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Censorship Earth Google

Debunking the Google Earth Censorship Myth 294

Posted by timothy
from the just-what-they-want-you-to-think dept.
waderoush writes "There's a persistent Web meme to the effect that Google obscures sensitive or top-secret locations in Google Maps and Google Earth at the insistence of national governments. A July IT Security article promoted on Digg, 'Blurred Out: 51 Things You Aren't Allowed to See on Google Maps,' revived this notion. But the article has been widely criticized, and I did some fact-checking this week on the six Boston-area locations mentioned in the IT Security list. As it turns out, not one of the allegedly blurred locations has degraded imagery in Google Maps, as my screen shots demonstrate. My post looks into the sources of the misleading IT Security piece, and of other mistaken rumors about Google Maps."
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Debunking the Google Earth Censorship Myth

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  • by toby (759) * on Saturday September 27, 2008 @10:27PM (#25181603) Homepage Journal
    Nice work on Boston, champ.
  • Digg? Inaccurate? (Score:5, Insightful)

    by Goldberg's Pants (139800) on Saturday September 27, 2008 @10:37PM (#25181659) Journal

    You mean an article that was inaccurate or just flat out wrong was massively promoted on DIGG? No, I simply can't believe it.

    Digg: It's like Slashdot if concussed monkeys took over.

  • by Anonymous Coward on Saturday September 27, 2008 @10:48PM (#25181705)

    FWIW the Naval Observatory is blotted out in all satellite photos. It's my understanding that this is a "national security" requirement and (besides it being a no-fly zone) satellite and areal photography are required by federal law to obscure it. Since Google still buys most of these pictures from other people, I wouldn't blame Google for this one, per-say...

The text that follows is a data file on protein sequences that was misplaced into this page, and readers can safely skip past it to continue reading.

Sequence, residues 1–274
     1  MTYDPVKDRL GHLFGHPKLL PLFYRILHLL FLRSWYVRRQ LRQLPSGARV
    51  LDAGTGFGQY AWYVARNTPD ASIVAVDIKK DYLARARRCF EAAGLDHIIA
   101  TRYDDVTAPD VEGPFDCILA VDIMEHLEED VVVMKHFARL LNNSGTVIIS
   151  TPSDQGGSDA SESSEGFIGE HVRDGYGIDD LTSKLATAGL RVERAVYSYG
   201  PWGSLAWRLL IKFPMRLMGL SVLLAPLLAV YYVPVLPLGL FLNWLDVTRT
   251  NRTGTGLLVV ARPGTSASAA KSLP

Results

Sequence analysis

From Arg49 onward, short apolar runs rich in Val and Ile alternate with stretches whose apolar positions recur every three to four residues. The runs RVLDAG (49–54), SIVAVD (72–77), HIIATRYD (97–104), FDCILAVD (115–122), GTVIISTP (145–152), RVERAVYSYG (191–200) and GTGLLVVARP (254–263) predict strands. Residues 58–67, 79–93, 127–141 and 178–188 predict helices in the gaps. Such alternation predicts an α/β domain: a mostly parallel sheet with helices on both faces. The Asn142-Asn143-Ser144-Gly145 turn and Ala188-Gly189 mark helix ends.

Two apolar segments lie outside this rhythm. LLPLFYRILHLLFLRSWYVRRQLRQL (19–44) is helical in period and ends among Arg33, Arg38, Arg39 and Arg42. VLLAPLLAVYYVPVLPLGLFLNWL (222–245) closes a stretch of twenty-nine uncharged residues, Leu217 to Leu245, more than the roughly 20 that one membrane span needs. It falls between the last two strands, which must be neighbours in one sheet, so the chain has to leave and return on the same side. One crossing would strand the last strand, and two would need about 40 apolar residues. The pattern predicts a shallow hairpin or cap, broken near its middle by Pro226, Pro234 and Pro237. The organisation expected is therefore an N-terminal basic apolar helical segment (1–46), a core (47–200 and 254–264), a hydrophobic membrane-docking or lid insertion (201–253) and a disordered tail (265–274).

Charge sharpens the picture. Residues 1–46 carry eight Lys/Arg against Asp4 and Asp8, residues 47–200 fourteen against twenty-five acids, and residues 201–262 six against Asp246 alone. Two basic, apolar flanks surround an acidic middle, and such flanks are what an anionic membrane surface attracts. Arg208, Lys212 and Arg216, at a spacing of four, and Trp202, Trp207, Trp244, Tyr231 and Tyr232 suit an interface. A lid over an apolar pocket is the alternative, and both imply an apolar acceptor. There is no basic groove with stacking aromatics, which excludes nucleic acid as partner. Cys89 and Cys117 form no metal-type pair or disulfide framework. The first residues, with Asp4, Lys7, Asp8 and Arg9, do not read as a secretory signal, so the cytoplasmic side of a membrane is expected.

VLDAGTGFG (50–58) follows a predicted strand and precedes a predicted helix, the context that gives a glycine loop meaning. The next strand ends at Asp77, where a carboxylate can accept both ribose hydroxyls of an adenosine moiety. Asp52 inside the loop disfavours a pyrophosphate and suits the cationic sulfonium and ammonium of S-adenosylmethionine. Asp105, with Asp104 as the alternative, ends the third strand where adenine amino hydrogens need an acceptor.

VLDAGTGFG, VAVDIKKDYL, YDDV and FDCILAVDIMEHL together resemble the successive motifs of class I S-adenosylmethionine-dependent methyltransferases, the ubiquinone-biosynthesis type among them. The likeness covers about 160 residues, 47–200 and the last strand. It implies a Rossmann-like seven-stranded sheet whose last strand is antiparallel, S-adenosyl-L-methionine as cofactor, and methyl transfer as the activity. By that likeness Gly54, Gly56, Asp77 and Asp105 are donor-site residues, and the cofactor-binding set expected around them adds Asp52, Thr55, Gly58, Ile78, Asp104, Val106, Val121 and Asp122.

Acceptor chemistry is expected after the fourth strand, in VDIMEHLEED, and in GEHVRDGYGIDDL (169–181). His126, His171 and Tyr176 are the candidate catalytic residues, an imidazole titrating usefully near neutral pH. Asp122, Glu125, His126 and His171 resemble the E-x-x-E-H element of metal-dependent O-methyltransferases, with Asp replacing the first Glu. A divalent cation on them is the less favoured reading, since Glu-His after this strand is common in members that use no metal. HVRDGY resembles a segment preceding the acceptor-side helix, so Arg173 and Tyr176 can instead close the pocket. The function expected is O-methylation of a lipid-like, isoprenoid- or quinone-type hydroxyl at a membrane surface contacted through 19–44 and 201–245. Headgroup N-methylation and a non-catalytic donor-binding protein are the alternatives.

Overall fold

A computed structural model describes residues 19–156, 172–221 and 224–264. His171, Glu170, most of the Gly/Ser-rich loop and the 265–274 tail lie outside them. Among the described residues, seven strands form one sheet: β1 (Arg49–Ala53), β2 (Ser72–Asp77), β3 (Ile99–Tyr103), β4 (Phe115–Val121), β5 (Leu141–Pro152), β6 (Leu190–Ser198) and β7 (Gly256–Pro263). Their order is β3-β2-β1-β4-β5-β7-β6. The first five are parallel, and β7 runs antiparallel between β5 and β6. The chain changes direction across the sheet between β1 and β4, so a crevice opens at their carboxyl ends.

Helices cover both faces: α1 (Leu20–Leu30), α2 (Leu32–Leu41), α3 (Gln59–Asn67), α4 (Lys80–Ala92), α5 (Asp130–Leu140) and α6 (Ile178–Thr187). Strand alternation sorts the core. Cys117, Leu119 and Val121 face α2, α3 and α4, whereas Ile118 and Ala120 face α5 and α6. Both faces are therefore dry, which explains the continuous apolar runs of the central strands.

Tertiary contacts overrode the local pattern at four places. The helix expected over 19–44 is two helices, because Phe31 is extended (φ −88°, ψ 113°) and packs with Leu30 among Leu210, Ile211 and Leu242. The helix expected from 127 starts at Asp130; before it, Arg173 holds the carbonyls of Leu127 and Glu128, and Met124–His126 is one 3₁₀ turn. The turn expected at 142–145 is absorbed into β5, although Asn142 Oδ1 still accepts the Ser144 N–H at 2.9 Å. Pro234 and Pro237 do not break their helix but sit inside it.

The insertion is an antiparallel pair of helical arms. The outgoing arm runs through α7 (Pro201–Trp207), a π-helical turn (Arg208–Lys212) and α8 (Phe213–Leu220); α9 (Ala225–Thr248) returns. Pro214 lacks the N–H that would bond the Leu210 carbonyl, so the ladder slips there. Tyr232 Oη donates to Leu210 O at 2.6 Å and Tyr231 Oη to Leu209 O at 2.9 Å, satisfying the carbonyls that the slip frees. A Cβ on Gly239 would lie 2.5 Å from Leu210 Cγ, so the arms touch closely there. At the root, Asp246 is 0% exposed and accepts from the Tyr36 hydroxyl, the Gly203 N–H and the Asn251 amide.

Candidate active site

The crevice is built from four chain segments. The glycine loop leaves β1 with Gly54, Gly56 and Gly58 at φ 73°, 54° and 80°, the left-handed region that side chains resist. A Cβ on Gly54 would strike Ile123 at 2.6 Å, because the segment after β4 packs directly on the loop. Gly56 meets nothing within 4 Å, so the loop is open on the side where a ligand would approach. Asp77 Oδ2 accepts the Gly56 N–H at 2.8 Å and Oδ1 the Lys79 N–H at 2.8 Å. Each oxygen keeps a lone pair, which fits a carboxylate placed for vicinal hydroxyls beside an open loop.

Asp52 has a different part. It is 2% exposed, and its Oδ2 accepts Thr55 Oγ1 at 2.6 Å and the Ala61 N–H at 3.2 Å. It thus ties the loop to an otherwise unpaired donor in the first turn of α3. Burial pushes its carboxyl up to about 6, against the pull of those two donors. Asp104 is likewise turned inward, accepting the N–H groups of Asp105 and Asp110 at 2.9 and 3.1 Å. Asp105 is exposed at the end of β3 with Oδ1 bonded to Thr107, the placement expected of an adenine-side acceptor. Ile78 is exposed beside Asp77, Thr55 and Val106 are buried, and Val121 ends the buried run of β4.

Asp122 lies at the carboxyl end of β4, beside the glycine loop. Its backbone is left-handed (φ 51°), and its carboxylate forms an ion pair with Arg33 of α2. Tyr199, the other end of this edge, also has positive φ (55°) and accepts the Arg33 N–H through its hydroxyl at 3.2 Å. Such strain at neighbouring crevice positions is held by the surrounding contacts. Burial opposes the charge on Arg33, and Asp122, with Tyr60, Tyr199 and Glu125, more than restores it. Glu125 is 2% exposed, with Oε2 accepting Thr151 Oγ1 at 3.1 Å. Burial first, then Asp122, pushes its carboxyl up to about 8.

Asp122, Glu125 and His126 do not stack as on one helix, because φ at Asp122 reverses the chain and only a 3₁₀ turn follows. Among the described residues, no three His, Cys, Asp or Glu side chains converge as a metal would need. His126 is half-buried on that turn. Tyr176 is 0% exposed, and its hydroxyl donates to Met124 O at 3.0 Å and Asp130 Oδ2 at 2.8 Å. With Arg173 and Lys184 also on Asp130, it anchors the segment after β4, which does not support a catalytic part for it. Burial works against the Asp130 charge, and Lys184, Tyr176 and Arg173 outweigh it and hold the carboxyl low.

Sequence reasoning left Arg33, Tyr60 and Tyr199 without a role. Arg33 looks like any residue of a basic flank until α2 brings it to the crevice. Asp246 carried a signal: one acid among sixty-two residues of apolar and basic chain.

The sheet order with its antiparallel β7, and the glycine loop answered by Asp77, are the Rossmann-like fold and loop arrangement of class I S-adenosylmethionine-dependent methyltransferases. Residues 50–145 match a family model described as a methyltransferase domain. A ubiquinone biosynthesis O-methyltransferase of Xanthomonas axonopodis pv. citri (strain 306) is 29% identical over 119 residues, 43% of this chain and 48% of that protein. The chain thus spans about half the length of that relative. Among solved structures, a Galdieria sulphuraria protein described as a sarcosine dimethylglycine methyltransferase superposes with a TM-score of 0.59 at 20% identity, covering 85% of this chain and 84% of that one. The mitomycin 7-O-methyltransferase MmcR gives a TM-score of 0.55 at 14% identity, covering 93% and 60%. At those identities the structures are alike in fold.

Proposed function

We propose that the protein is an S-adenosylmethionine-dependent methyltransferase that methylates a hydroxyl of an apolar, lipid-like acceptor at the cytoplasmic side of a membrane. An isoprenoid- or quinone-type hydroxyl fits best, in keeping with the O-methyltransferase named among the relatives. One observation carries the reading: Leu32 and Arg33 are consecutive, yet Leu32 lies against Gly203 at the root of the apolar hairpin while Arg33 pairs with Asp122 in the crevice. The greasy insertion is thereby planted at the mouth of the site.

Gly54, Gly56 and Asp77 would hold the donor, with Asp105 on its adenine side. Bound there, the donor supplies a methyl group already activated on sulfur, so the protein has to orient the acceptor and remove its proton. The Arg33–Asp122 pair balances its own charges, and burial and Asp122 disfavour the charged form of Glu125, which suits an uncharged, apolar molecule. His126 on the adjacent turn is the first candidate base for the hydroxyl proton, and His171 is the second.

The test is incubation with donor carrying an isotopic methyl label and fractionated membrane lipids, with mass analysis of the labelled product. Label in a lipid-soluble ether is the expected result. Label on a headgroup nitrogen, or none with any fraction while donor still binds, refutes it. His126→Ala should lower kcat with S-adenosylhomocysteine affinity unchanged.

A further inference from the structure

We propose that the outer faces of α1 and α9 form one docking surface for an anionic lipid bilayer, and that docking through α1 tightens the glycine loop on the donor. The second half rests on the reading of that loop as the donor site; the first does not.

• by lysergic.acid (845423) on Saturday September 27, 2008 @10:54PM (#25181739) Homepage

    so you think Google spent twice the amount of money to use 2 separate satellite imaging services? or that they use two disparate censorship policies, so that if the government asks them to obfuscate the VP's residence they would only comply for one service but not the other?

    i don't know if the summary is correct or not, but logic would suggest that Google would use the same satellite images for both sets of aerial maps, and if they were going to blur out a location in one service it would be done to the other as well.

  • by Dan541 (1032000) on Saturday September 27, 2008 @11:20PM (#25181891) Homepage

    FWIW the Naval Observatory is blotted out in all satellite photos. It's my understanding that this is a "national security" requirement and (besides it being a no-fly zone) satellite and areal photography are required by federal law to obscure it.

    That's like placing a sign on an aircraft.

    "No Hijacking"

  • by Legion303 (97901) on Saturday September 27, 2008 @11:24PM (#25181905) Homepage

    But with fewer dupes.

    I'd say the main difference is that a much higher percentage of digg posters are raving morons, while Slashdot has more refined trolls.

  • by johnny cashed (590023) on Saturday September 27, 2008 @11:40PM (#25181979) Homepage
    Also, here is another photo:

    http://en.wikipedia.org/wiki/Image:RamsteinAB.jpg [wikipedia.org]

    Looks to me like there is a lot of pavement.
  • by Anonymous Coward on Saturday September 27, 2008 @11:59PM (#25182083)

    Correct. How would they get a high res shot where there is a no-fly zone? It is not censorship, it is avoiding being shot out of the sky by missiles.

  • by MrSteveSD (801820) on Sunday September 28, 2008 @12:11AM (#25182139)
    chemical weapons factory. I hope that the hidden area on the map doesn't drawn anyone's attention. And therein lies the problem with obscuring secret locations on maps. The mere act of obscuring it announces it.